In 2003, the Los Angeles Times featured a story of a Honduran boy’s struggle traveling alone from Honduras in order to find his mother in the United States. Nazario spent nearly five years reporting and writing about Enrique’s journey by retracing his harrowing travels from Honduras to the U.S. This included thousands of miles stowed away on the freight trains El Tren de la Muerte heading north through Mexico.
Nazario won more than a dozen awards for the series, among them the Pulitzer Prize for Feature Writing. Expanded into a book, Enrique’s Journey became a national bestseller translated into eight languages.
Apostrophe Books will be on-site at the event to provide books for purchase. Nazario will be available to sign copies of her book at the conclusion of the program.
The auditorium doors will open at 1:30pm, and the event is free. Parking is available in the Civic Center parking structure at the corner of Broadway and Chestnut Avenue. Parking is free for the first 30 minutes and $1.75 for the next 90 minutes with library validation. The maximum cost is $10. Nearby parking is also available.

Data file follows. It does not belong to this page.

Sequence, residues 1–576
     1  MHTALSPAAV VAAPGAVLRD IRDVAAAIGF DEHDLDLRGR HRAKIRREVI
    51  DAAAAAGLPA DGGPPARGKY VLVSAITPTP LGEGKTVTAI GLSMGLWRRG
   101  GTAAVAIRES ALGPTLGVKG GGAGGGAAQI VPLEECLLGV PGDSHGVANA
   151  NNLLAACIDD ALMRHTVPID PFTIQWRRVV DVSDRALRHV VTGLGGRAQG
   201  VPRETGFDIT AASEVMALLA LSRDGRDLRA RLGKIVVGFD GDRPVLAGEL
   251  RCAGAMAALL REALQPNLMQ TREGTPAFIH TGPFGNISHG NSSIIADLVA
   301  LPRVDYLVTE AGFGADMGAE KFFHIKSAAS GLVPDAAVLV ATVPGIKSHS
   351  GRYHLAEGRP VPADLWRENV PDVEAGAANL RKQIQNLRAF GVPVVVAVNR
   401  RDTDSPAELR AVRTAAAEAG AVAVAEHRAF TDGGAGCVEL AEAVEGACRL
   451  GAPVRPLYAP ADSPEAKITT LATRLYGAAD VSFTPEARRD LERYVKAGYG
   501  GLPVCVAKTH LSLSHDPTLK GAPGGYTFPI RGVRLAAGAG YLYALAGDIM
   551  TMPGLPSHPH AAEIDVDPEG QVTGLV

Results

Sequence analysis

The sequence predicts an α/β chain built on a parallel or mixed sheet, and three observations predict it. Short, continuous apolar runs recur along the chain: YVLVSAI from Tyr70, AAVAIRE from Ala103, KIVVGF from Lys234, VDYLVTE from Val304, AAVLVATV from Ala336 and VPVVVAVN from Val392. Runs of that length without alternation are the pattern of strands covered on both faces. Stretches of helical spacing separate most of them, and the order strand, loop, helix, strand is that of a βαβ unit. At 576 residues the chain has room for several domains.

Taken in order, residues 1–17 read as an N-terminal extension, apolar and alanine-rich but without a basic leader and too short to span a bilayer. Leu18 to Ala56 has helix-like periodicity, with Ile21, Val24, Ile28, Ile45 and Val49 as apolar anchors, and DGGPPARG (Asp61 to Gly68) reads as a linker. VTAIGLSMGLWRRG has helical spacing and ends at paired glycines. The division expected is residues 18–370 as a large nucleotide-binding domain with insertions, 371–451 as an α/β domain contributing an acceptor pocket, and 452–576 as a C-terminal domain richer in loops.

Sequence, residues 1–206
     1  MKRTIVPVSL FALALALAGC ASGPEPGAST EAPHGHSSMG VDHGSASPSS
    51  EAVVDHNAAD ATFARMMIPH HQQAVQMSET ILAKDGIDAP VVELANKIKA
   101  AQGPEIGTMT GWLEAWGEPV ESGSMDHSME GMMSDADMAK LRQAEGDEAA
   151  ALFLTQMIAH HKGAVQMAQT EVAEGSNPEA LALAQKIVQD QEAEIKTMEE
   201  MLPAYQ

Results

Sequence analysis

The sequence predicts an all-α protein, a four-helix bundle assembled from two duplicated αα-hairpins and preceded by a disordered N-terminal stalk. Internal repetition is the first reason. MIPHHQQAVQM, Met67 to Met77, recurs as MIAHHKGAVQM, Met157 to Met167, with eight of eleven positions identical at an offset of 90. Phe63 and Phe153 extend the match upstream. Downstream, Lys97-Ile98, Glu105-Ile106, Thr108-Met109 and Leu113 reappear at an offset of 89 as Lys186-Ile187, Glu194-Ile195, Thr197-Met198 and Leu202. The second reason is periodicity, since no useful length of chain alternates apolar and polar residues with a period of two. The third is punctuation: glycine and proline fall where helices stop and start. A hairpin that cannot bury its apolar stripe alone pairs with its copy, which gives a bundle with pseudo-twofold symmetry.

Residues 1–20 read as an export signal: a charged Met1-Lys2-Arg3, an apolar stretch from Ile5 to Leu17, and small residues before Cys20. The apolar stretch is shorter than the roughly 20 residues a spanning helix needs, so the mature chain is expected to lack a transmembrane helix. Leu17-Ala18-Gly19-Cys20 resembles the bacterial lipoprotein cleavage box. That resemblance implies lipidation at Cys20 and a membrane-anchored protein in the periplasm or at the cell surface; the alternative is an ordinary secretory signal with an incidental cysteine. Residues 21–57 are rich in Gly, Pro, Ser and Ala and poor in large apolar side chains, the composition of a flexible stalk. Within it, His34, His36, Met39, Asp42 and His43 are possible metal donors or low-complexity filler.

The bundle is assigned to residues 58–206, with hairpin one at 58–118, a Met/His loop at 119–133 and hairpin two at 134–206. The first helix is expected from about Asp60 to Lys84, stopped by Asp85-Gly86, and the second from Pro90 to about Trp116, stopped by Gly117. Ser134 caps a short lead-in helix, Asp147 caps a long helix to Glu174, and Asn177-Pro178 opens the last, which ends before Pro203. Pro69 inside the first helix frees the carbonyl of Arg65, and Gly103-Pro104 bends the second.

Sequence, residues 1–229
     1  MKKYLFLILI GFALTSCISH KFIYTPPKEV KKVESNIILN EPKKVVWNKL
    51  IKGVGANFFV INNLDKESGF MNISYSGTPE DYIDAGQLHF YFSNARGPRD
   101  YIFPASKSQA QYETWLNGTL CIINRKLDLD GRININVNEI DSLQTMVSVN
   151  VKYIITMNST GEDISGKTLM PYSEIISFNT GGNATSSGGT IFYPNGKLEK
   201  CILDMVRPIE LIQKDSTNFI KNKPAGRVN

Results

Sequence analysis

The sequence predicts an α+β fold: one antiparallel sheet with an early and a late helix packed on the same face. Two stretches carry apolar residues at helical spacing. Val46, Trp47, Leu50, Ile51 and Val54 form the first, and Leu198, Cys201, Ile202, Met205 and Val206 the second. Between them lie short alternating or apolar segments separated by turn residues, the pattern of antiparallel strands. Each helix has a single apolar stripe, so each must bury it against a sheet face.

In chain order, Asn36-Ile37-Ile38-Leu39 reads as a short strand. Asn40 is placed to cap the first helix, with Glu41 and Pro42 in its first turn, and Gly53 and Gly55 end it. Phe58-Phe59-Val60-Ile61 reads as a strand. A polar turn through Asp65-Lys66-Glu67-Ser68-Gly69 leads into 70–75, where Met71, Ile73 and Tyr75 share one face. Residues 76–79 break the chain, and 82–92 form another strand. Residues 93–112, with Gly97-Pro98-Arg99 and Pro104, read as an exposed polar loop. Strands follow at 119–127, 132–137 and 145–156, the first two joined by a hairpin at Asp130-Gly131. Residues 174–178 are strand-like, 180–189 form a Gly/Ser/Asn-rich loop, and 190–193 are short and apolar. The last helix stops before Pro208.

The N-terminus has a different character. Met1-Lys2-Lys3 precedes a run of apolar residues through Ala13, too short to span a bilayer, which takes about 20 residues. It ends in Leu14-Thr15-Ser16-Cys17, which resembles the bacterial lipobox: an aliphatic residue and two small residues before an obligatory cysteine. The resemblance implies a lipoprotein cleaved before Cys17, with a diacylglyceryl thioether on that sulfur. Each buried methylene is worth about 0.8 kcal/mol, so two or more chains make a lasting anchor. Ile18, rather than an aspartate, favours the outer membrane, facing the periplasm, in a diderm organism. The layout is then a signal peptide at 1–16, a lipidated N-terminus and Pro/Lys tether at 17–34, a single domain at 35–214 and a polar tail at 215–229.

Nazario, who grew up in Kansas and Argentina, has written extensively about Latinos in the United States. She has spent 20 years reporting and writing about social issues. She won a George Polk Award for Local Reporting for a series about hunger among schoolchildren in California. In 1998, she was a Pulitzer Prize finalist for a series on children of drug-addicted parents. Hispanic Business Magazine has named her among the most influential Latinos and Hispanic Magazine called her a “trendsetter.” In 2012, Nazario was listed among Columbia Journalism Review’s “40 Women Who Changed the Media Business in the Past Forty Years.” Nazario serves on immigration advocacy boards, including Kids In Need of Defense (KIND), a nonprofit launched by Microsoft and actress Angelina Jolie to provide pro-bono attorneys to unaccompanied immigrant children.